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How palaeontology is done in real life



I'd like to draw your attention to the most recent sequence of four
posts on Darren Naish's blog:

        
http://darrennaish.blogspot.com/2006/07/angloposeidon-unreported-story-part-i.html
        
http://darrennaish.blogspot.com/2006/07/angloposeidon-unreported-story-part-ii.html
        
http://darrennaish.blogspot.com/2006/07/angloposeidon-unreported-story-part.html
        
http://darrennaish.blogspot.com/2006/07/angloposeidon-unreported-story-part-iv.html

Which together tell the background story of the _Sauroposeidon_-like
brachiosaurid cervical vertebra MIWG 7306, known informally as
"Angloposeidon".  Aside from the fact that these posts are about an
interesting specimen, they're also just about the best account I've
ever read of how palaeontology actually gets done -- the way from the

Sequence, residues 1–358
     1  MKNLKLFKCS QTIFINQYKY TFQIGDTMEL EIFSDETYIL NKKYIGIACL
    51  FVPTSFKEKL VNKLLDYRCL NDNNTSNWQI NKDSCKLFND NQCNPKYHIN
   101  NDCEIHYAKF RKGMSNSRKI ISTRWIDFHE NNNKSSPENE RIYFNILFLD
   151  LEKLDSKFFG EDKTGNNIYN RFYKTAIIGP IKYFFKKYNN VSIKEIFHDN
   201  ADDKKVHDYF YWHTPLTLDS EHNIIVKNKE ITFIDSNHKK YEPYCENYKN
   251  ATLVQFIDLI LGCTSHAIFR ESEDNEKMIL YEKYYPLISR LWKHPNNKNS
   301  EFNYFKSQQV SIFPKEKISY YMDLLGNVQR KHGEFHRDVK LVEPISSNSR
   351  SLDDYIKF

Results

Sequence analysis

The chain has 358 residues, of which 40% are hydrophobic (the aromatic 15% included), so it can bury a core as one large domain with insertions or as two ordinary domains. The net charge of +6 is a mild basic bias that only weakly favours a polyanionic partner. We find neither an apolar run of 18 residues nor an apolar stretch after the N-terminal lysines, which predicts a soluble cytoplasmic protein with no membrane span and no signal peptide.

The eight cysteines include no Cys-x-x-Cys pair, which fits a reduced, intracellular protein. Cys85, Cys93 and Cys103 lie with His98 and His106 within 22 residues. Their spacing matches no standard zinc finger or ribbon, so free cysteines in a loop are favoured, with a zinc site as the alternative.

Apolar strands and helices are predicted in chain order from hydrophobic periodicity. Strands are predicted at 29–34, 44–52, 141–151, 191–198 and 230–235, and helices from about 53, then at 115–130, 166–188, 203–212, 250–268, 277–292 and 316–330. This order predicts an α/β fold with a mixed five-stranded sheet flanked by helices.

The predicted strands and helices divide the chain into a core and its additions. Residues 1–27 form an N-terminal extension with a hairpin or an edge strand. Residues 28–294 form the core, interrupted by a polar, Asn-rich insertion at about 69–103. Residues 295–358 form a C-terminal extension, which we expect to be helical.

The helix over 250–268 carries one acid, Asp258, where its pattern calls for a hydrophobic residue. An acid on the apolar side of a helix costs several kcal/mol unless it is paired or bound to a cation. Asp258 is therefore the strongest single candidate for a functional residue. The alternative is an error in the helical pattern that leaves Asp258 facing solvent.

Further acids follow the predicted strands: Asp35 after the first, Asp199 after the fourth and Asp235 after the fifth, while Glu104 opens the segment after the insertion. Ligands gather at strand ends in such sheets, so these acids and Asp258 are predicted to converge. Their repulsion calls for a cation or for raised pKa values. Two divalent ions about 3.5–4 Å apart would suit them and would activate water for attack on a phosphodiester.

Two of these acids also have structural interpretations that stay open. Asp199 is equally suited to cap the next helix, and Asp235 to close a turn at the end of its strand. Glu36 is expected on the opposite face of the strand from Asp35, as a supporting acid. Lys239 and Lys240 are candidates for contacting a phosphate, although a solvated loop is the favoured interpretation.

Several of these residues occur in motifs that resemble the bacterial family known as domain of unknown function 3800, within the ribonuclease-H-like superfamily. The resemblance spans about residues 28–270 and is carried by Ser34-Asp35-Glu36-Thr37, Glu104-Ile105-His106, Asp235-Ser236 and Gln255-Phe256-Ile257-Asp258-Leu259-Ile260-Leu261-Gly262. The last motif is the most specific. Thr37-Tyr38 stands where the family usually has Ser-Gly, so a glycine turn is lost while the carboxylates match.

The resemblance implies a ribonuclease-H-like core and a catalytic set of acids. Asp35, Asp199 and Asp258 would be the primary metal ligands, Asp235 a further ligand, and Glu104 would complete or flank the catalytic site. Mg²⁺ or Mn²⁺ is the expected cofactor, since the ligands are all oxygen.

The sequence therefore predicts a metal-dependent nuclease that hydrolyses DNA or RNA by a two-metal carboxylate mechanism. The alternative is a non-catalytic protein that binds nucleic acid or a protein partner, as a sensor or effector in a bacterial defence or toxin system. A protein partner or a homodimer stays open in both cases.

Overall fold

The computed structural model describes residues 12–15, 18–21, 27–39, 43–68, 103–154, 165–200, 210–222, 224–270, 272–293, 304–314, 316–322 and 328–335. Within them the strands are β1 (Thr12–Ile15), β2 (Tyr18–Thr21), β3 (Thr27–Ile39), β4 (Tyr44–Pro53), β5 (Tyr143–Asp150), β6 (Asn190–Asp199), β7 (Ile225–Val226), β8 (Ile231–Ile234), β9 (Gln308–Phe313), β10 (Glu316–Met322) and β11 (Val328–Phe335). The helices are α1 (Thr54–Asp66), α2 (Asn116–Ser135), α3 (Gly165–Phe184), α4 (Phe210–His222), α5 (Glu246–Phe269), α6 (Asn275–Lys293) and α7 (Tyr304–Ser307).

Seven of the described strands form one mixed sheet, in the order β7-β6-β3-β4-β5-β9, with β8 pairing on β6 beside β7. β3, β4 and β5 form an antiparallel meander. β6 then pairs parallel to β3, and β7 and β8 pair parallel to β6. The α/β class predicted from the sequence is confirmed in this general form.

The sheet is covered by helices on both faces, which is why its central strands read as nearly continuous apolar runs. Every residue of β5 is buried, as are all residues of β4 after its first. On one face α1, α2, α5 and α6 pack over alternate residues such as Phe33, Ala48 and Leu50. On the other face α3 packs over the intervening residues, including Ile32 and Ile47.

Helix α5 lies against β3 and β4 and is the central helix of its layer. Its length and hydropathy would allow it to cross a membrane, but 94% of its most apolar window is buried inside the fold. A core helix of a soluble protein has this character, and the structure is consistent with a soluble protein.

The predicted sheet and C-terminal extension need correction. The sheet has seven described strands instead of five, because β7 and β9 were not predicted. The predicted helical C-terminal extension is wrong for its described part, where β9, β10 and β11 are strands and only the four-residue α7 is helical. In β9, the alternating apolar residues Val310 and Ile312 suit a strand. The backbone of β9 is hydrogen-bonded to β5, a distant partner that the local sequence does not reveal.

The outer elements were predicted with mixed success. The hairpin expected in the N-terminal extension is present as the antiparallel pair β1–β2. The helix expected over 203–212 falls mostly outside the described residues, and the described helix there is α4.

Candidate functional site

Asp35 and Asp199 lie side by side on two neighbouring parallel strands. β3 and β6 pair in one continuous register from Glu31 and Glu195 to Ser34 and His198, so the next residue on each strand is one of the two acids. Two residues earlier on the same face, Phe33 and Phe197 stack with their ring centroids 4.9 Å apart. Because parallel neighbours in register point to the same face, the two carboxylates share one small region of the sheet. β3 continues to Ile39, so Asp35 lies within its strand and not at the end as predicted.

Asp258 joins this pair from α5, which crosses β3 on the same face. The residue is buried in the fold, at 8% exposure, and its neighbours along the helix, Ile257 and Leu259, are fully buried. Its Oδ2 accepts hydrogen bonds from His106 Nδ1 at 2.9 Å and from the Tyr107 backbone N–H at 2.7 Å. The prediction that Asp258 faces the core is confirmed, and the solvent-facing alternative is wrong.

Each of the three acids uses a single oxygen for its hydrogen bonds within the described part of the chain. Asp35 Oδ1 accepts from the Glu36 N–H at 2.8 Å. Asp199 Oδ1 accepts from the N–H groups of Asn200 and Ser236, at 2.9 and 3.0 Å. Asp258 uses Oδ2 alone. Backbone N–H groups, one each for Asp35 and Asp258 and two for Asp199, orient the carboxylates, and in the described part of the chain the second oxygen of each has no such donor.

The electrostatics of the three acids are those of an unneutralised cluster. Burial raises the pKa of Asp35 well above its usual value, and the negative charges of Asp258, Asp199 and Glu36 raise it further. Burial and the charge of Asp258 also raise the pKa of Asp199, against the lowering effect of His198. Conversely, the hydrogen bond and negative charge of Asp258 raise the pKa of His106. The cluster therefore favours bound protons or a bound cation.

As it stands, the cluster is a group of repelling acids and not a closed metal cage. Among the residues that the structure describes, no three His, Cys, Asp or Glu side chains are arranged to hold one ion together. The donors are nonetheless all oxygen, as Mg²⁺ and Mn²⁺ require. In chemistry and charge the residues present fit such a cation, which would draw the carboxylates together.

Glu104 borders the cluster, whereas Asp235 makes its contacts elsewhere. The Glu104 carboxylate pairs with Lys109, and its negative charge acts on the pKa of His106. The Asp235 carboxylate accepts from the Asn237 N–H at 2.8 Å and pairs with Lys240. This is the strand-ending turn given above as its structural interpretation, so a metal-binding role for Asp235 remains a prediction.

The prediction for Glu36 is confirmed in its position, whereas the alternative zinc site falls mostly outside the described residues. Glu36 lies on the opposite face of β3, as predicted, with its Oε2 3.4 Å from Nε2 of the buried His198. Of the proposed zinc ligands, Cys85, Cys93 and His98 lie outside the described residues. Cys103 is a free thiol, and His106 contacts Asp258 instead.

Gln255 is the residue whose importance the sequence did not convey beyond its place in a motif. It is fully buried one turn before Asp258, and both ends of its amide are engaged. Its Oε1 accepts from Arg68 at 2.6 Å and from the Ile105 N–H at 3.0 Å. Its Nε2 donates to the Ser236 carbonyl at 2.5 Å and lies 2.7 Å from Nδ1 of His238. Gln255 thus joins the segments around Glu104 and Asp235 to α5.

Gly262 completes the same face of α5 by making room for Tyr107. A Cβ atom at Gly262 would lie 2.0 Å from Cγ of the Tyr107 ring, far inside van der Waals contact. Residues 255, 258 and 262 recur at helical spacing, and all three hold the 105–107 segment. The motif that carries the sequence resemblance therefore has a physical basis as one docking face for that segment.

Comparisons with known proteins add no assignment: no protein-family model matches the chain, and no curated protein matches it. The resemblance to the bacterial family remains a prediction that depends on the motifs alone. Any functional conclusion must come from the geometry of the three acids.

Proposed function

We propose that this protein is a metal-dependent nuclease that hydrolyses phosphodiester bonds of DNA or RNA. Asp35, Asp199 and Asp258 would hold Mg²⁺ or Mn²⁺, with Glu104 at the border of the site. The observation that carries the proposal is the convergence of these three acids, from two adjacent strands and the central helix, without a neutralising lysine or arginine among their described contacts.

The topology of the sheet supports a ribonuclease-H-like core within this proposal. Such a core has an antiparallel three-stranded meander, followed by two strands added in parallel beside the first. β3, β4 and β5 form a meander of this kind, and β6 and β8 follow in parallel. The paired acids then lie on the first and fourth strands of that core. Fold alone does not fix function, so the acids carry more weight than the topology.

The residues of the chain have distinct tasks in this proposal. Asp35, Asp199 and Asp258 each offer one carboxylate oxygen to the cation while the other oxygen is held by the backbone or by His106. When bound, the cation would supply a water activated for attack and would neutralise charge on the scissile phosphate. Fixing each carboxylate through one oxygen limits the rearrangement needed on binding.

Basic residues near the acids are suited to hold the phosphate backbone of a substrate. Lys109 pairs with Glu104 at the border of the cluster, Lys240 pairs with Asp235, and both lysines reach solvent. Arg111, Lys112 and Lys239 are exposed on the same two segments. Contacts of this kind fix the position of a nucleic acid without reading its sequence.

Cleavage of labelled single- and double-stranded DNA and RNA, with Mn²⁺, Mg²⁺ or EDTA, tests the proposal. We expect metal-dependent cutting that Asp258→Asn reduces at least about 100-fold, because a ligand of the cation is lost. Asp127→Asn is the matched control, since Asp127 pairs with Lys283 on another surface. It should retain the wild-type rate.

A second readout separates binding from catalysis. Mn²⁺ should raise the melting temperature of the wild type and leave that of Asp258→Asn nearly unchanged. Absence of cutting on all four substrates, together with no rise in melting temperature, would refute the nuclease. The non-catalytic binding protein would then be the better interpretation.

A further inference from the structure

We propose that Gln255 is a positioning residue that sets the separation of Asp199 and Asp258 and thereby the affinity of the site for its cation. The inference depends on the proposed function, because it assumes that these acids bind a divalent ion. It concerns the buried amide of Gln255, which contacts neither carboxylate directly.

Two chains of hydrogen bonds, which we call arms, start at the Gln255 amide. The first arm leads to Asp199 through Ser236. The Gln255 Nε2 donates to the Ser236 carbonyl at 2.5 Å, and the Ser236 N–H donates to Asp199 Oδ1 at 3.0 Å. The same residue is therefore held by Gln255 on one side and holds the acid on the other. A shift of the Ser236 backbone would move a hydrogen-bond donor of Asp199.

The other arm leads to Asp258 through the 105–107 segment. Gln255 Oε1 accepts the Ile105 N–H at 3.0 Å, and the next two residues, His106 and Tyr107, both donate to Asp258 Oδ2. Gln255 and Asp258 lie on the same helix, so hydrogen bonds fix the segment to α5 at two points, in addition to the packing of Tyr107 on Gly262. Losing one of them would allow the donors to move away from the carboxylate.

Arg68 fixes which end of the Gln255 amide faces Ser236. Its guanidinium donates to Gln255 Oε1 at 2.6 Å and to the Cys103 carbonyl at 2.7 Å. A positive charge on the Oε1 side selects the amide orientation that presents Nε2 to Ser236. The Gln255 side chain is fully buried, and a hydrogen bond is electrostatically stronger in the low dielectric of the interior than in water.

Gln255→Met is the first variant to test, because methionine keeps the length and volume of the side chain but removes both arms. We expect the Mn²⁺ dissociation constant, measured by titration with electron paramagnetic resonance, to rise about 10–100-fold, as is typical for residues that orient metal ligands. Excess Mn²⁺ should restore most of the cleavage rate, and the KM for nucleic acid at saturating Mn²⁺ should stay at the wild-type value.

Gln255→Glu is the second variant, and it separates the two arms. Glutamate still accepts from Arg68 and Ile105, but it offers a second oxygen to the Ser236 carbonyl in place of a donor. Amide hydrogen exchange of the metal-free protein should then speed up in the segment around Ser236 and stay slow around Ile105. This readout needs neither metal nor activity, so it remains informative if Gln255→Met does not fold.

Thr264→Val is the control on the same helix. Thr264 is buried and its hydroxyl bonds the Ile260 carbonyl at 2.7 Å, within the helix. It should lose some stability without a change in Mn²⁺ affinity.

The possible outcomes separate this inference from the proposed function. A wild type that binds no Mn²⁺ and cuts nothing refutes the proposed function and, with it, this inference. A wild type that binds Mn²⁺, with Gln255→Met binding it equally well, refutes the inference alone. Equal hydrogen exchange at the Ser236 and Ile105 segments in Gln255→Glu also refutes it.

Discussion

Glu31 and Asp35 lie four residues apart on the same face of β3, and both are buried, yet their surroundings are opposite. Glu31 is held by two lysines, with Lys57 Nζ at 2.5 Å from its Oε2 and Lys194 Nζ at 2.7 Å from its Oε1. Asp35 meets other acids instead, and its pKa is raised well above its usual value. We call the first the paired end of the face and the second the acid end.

specimen's initial discovery and years of being ignored, through to
the inevitable mispresentation in the press.

If any of you know or teach kids who are interested in palaeontology,
I think this series of posts could be a real eye-opener for them.

Enjoy.

 _/|_    ___________________________________________________________________
/o ) \/  Mike Taylor  <mike@miketaylor.org.uk>  http://www.miketaylor.org.uk
)_v__/\  "A man, a plan, a canoe, pasta, heros, rajahs, a coloratura, maps,
         snipe, percale, macaroni, a gag, a banana bag, a tan, a tag,
         a banana bag again (or a camel), a crepe, pins, Spam, a rut,
         a Rolo, cash, a jar, sore hats, a peon, a canal-- Panama!" --
         Guy Steele Jr.